Opinion: Peter Griffiths, director general at Aviation administration of Kazakhstan

View of the current challenges facing the aviation industry

air transport crisis Peter Griffiths, director general at Civil Aviation administration of Kazakhstan (CAAKZ)

Who would have predicted when I got a request to write something on disruptions in January, that we were about to see a viral outbreak go global and cause a very large disruption to our way of life. Today, dozens of countries are declaring a state of emergency and are closing borders.

What is the effect of Air Travel in this and our global economy, and do we, as leaders of our industries, need to think more about the impacts of global travel in a new way?

The virus is very simple it’s a variation on a strain of viruses well known for years and it has been responsible for outbreaks of a similar nature. SAR’s is one, and that affected the airline industry when that was detected. They are very easy to transmit, often by droplet infection, and at present this strain, known as Covid 19, has a very high transmission rate. It is this very simplicity that makes this one so difficult to control as physical contact with the virus through touch, or in close proximity with sneezing, or coughing can transmit it. Thankfully its mortality rate to date is low, with 80 % of people not to badly affected, 20% very badly affected and 3% at risk. The virus however can overwhelm medical support teams and this can cause this rate to rise. it is this problem we are trying to control now via the very strong control measures being put in.

There are two factors which appear to be an issue, its speed of transmission that has the ability to overwhelm health care teams as so many people can be affected at the same time, and the second issue that appears to concern medical staff, is its ability to mutate and produce new strains which will defeat vaccines when they are developed.

The Air Travel concern?

Global Travel like so many things in life is now a norm for many. Increasing affluence and decreasing fares has now given the ability to a large proportion of the global population access to relatively cheap, and frequent travel opportunities. There is very little of the planet not accessible by air, so a mild outbreak, normally containable, can become a global pandemic very quickly. Given that carriers of the infection may not know for days they are infected, as its early symptoms are difficult to detect, and that they will be infectious during this early period, it is easy that a person may be spreading the virus unknowingly whilst travelling.

Air travel is relatively comfortable, but it cannot be described as spacious. If an infected person happens to be sitting in the centre bank of seats in the economy section of a large wide body jet the avenues of infection can be quite sizable. Adjacent passengers cannot avoid touching, dinning utensils, and trips to the on-board toilet facilities are all opportunities for the virus to remain undetected and be picked up by another passenger. As we have seen with ships, close confinement is a very good place for the virus to infect.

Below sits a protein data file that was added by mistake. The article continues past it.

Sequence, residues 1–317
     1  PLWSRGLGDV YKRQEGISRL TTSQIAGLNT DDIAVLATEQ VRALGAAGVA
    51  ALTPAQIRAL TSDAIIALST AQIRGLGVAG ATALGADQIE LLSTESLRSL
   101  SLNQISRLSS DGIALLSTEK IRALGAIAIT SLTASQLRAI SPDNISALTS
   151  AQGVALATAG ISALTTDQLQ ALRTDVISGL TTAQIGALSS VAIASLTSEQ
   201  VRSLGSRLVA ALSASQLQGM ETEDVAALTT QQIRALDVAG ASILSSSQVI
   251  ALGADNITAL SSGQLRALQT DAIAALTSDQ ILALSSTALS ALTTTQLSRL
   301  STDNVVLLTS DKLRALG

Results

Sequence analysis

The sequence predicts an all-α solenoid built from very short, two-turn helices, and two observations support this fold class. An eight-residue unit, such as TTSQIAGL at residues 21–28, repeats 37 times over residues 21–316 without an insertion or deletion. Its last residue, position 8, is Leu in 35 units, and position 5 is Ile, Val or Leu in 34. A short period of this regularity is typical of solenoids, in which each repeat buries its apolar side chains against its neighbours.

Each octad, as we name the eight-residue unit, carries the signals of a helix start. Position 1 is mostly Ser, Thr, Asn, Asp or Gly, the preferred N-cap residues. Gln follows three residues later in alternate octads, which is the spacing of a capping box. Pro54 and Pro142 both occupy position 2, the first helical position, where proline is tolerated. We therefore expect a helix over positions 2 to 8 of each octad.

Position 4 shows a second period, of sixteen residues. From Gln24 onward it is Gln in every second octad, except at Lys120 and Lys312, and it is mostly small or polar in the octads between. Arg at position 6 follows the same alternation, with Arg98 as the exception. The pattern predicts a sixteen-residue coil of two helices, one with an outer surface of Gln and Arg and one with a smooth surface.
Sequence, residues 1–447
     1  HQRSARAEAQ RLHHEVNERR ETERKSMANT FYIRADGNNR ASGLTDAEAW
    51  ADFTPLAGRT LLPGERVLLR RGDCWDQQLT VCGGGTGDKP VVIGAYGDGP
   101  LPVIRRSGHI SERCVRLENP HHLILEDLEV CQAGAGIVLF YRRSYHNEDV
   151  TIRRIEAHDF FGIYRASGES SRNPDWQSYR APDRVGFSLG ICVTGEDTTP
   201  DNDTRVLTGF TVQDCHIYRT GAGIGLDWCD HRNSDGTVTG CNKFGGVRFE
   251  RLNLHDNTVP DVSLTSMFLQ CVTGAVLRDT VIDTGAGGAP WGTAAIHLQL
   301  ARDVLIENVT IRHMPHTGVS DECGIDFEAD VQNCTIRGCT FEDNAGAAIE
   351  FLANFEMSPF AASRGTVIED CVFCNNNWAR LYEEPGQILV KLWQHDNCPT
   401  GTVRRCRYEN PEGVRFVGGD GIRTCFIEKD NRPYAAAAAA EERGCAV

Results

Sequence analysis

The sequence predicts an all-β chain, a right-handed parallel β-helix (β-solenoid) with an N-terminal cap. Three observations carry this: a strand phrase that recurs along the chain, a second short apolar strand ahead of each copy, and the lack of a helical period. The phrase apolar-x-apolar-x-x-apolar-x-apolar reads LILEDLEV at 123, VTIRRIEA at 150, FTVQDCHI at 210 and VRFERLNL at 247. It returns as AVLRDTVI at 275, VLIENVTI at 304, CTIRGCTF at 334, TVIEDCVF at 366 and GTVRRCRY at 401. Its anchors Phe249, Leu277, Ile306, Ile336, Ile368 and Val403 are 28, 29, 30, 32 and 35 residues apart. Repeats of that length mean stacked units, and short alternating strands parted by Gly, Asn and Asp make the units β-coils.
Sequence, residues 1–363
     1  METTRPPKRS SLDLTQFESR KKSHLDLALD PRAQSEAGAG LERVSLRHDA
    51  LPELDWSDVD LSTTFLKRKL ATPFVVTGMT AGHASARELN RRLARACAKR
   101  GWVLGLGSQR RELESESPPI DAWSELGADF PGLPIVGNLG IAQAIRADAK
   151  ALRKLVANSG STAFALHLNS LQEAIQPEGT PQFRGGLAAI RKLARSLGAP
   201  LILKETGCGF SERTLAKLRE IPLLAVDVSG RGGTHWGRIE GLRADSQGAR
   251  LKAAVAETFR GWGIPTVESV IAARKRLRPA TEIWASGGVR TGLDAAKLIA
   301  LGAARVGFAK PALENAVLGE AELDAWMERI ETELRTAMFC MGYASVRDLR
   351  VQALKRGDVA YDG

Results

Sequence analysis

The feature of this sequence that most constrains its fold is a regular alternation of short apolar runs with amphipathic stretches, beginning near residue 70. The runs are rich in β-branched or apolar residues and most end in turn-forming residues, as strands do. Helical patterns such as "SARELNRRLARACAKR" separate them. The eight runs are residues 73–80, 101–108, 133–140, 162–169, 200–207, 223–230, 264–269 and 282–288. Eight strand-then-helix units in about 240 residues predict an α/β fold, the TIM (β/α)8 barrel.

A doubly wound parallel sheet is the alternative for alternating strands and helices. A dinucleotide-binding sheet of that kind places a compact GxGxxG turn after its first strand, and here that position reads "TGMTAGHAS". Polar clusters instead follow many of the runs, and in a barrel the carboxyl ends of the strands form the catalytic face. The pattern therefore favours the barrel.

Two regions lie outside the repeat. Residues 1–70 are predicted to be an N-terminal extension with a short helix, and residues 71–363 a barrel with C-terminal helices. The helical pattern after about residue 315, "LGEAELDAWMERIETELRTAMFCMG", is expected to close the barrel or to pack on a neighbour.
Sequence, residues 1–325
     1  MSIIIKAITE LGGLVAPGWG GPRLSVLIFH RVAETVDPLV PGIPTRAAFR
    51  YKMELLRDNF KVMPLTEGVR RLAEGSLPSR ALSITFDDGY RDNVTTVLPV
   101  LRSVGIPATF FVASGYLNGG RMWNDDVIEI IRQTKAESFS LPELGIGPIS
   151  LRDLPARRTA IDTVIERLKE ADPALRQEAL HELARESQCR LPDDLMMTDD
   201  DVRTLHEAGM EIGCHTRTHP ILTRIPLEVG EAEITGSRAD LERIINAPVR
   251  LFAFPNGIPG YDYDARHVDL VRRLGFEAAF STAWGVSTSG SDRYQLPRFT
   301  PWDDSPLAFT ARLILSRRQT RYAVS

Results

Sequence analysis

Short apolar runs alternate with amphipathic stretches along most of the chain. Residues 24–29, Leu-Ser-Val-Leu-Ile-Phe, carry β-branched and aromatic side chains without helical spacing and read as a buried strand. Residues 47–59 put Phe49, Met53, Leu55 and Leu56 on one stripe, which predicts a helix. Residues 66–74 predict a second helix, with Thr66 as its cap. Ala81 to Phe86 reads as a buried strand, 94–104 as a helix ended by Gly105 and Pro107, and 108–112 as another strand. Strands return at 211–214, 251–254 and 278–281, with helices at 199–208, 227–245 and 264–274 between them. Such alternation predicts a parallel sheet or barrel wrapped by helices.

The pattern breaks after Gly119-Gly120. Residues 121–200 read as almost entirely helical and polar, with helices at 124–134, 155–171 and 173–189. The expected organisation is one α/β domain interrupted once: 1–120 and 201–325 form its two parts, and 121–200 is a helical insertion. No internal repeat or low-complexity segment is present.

Once they have arrived at their destination as can be seen every day in every arrival all personal contact is frequent, more opportunities for infection spread. All of this is driven by the virus capability to hide for days in our global world. All supporting calls to stop travel and stop the transmission. A perfect storm for the airline industry constantly at the forefront of disruption events such as; volcanoes, weather, wars, terrorism, etc.

Containing the disruption

Managing a disruption is best made in two steps. Stop the disruptor, and manage the recovery.

It is now evident that for a period of time our aviation industry will be badly affected by the virus spread, but to contain it all travel beyond local regions would need to stop for a period of at least 42 days. Inevitably this will mean flight may cease for a period. In my own area flights are restricted or cancelled for a period of 3 months to countries such as China, Iran and Korea. This will take in more regions and flights as the virus spreads. This can contain the virus to centres of infection and stop the spread on a global basis.

Pre-flight screening has so far not been successful as it does not detect pre symptomatic people or asymptomatic individuals who can be spreading the virus.  This is easier said than done. Shutting down travel results in many finding novel ways to beat the shut down and only one infector is necessary for a breakout of the virus. This allows local response like that seen in China, and Korea and now Italy to take effect.

For an airline this could, and for some will, be a disaster.

Recovery will take some time. Whilst managing the infections locally, time is necessary to restore travel. Infection rates dropping is insufficient, there must a zero-infection rate for a period of time to restore travel. It is possible to see break outs of new clusters even then and this results in local break outs. Again and this will clearly need to be managed to ensure no return.  It must be remembered that during this period we cannot test and train crews we cannot inspect aircraft, and we cannot assess industry risks. When we all get going again all of this will need to happen demand for simulators will be high to retrain crews and simply grounding aircraft producers new risks. So it will not be switched on overnight, the crisis is over we can go back to work. It will take many months to get going again stretching regulators and our industry. We must all work together to restore it.

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